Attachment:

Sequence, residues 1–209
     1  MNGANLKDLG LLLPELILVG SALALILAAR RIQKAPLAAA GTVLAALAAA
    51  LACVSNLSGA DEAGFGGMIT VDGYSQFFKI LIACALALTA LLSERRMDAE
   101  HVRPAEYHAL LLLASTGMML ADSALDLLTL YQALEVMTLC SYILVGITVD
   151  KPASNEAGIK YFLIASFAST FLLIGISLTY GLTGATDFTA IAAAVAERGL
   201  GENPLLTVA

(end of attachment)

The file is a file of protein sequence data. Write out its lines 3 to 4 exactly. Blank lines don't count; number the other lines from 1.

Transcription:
    51  LACVSNLSGA DEAGFGGMIT VDGYSQFFKI LIACALALTA LLSERRMDAE
   101  HVRPAEYHAL LLLASTGMML ADSALDLLTL YQALEVMTLC SYILVGITVD